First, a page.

More rain is expected Tuesday and Wednesday, and with rain comes the potential for flooding and downed trees. For one family in the Bird Rock area of La Jolla, that warning came too late.
Liz Sauer was leaving her brother's house Sunday night when she said she heard what sounded like firecrackers. As she peeked around the corner, she saw a three-story tall eucalyptus tree coming right at her.
"I just braced myself for impact and just prayed that this awning was going to hold," Liz said. Thankfully, her cover held.
The home's owner, Leslie Sauer, said she thought the loud noise she heard outside was an earthquake or a car crashing into her house.
"It was something I had nightmares about," she said.
[SD] Storm Damage Images
Apparently Leslie and her family have had concerns about the tree since before they moved in. She said they tried negotiating with the seller to have it removed, but it was growing on city property.
"So then I started writing letters...and each time I got no response or they'd come trim it," Leslie said.
The city is now helping with the removal of the tree that nearly killed her sister-in-law, as well as working with her insurance company to cover the cost of damages, but the experience still has her shaken up.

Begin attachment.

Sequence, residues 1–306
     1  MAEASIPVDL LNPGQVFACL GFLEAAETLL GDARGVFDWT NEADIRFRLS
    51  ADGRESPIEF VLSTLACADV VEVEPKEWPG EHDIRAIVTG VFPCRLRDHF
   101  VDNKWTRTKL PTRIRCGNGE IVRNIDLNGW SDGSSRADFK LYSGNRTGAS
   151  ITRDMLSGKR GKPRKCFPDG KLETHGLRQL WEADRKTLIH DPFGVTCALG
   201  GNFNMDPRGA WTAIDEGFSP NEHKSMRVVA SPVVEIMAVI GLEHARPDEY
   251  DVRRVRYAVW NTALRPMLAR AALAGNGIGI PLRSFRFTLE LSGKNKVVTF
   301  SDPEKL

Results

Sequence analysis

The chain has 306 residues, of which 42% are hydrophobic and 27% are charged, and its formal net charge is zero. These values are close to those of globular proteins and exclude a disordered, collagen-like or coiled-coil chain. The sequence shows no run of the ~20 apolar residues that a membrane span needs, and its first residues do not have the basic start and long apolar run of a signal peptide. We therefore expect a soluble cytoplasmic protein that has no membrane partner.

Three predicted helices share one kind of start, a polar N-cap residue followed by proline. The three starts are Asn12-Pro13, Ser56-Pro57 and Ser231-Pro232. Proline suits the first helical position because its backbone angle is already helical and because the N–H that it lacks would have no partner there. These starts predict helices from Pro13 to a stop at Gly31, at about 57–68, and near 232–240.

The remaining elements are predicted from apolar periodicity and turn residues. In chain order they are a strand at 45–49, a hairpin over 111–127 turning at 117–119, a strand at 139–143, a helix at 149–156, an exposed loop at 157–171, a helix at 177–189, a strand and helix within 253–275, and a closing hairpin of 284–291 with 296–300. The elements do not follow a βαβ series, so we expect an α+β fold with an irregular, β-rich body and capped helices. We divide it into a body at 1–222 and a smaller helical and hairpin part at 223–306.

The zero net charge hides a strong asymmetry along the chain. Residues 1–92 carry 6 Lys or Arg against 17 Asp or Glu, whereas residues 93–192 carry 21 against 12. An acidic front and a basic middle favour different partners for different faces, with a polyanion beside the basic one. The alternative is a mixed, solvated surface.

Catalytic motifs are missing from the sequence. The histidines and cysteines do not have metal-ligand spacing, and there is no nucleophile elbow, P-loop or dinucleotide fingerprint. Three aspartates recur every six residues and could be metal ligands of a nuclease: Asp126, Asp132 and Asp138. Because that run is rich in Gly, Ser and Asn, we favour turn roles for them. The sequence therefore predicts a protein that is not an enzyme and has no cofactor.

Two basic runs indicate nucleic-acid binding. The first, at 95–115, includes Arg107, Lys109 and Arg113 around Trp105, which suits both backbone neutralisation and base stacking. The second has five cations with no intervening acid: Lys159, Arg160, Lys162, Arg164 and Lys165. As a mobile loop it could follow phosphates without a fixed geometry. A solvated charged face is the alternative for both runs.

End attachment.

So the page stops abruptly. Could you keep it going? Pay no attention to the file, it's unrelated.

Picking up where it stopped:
"The unnerving part for me is we really were afraid of the tree," she said. "Not being experts, we were deferred to the people who assessed us and reassured us, but the fact that we can't hang our hat on that reassurance is so unnerving."
Local tree trimmers suggest pruning trees that are close to homes, especially eucalyptus. Because they have shallow roots, these trees are especially fragile and tip easily.
Damages from storms are common, but being prepared is key. Sandbags are usually available in various areas throughout the county and having trees prepared for the rain could save the headache of homeowner insurance claims down the road.
Storm preparations might seem unnecessary in a city that sees little downpour, but thinking it won't happen could be fatal.
For more information on preparing for the rain and winds, click here.